The Hungarian Uprising of 1956
After the end of World War II, the Soviet Union took control of Eastern Europe and installed Communist governments in many countries. In the decades that followed the people of these countries tried to escape Communist rule but were fought against by the Soviet government.
In the ten years that followed the war, the Soviets virtually controlled all life in Hungary. They installed a secret police and made economic decisions. The country's newspapers were censored and the Russian language was introduced to Hungarian schools. Religious freedom was banned and authorities put Cardinal Mindszenty into prison.
In October 1956, Imre Nagy became prime minister in Hungary . He was moderate and also wanted to free Hungary from Russian control. Students and other intellectuals went to the streets to demand more freedom from the government . A few days after taking power, Soviet leader Nikita Khrushchev agreed to remove Soviet soldiers from Budapest . In the following days, Nagy introduced a series of reforms, including the freedom of the press. The leader of the Roman Catholic Church, Cardinal Mindszenty, one of the Soviet Union's harshest critics, was released from prison. People protested freely on the streets of the Hungarian capital and even took down a statue of Stalin.
After announcing that Hungary was going to leave the Warsaw Pact, a Soviet-led military organization to protect Communist Europe, Russian tanks entered Budapest on November 4th, 1956. Thousands of citizens fought against the Soviet soldiers with all the weapons they had. Many people were killed in the uprising and thousands of Hungarians were arrested. Over 200 000 packed their belongings and fled across the border to Austria . Prime Minister Nagy was arrested, put to trial and executed two years later.
At the end of one of the worst moments of the Cold War, the Soviet Union had regained control of Hungary and installed Janos Kadar as the new Communist leader. In the following decades other countries also tried to rise against Soviet power. In 1968 Soviet tanks crushed an uprising in Czechoslovakia and in 1981 the Soviets moved into Poland.
Russian tanks move into Budapest - Image:FORTEPAN / Pesti Srác2
- agree = to say yes
- arrest = to take someone to a police station because they may have done something wrong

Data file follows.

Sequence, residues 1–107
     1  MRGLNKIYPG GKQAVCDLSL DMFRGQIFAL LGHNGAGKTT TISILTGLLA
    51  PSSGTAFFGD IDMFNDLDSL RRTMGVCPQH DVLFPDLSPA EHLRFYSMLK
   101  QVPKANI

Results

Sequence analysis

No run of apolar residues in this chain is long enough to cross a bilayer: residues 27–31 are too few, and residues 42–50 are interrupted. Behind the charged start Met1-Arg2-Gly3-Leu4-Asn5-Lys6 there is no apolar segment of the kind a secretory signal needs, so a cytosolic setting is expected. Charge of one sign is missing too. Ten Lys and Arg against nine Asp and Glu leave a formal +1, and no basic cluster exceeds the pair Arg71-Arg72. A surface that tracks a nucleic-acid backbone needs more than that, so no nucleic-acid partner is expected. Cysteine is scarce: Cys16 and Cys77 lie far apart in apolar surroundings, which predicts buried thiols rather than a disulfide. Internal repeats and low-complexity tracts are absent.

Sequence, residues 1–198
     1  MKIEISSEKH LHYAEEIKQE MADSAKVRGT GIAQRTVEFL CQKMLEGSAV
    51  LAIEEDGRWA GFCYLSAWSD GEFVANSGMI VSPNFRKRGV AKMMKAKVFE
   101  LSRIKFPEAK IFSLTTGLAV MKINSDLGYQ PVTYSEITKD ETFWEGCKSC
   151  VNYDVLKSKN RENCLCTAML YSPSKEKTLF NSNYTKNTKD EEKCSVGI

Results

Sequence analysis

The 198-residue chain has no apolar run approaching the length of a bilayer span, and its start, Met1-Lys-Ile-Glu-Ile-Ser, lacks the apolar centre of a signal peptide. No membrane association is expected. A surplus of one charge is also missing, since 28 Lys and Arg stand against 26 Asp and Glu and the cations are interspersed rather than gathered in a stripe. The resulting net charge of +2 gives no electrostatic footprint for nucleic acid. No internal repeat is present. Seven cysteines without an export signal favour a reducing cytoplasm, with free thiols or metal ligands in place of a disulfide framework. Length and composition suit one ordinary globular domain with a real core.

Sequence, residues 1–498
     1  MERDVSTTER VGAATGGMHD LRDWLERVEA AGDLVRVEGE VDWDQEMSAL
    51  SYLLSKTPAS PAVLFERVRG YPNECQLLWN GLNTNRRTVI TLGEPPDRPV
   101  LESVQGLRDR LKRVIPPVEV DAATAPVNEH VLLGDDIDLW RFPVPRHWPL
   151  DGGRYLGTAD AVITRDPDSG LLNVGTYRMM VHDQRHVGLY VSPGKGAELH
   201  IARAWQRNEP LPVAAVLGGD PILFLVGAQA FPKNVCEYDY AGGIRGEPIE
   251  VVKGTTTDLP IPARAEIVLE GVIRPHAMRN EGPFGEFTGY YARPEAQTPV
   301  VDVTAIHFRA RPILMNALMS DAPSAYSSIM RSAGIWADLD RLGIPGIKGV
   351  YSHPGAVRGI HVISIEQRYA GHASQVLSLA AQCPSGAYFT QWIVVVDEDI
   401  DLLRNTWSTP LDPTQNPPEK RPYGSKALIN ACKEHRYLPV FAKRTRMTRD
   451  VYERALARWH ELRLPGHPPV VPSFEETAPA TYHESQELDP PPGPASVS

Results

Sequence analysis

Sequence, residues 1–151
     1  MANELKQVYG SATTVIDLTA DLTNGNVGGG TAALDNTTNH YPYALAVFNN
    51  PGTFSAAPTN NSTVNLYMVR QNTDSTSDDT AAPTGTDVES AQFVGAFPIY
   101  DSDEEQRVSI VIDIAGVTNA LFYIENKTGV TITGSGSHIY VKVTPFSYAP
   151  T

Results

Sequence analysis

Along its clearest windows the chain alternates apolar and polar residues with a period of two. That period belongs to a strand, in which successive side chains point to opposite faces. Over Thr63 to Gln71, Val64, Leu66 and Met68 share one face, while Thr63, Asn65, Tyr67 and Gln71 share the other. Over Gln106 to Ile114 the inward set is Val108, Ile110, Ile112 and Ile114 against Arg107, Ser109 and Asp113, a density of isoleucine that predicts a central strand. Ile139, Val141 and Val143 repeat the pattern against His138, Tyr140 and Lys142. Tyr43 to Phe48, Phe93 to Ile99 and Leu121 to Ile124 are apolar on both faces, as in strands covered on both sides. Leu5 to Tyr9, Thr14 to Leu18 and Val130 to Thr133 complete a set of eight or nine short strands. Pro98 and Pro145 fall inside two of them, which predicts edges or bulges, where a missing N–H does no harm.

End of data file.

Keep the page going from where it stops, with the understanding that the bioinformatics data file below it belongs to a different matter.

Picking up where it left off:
- authorities = group of people or organization with certain powers
- ban = forbid, not allow
- belongings = the things that you own
- capital = most important city of a country; where the government is
- censor = to check newspapers, television and other media to see if there is something there that you don’t want people to know about
- citizen = person who lives in a country and has rights there
- crush = to stop people from fighting against you
- decade = ten years
- demand = you want someone to do something
- economic = about the economy and business
- escape = get away from
- execute = to kill officially
- flee – fled = to escape to a safer place
- government = the people who rule a country
- harsh = tough, strict
- including = also
- install = here: to put a group of people into important positions
- intellectual = person who is well-educated and has serious ideas
- moderate = here: if you don’t have extreme opinions
- prison = place where you are kept if you have done something against the law
- protect = defend
- reform = changes in a country in order to make things better
- regain = to get something back
- release = free
- remove = here: move away
- rise = here: to try to defeat a government
- Soviet Union = largest Communist country in the word, which existed between 1917 and 1991
- tank = heavy object that moves on metal belts and has a large gun on its top
- trial = an event in which a jury and a judge decides if you are guilty of having broken the law
- uprising = rebellion; when people fight or protest against their own government
- virtually = nearly, practically
- weapon = something that you use to fight against someone, like a gun, knife or a bomb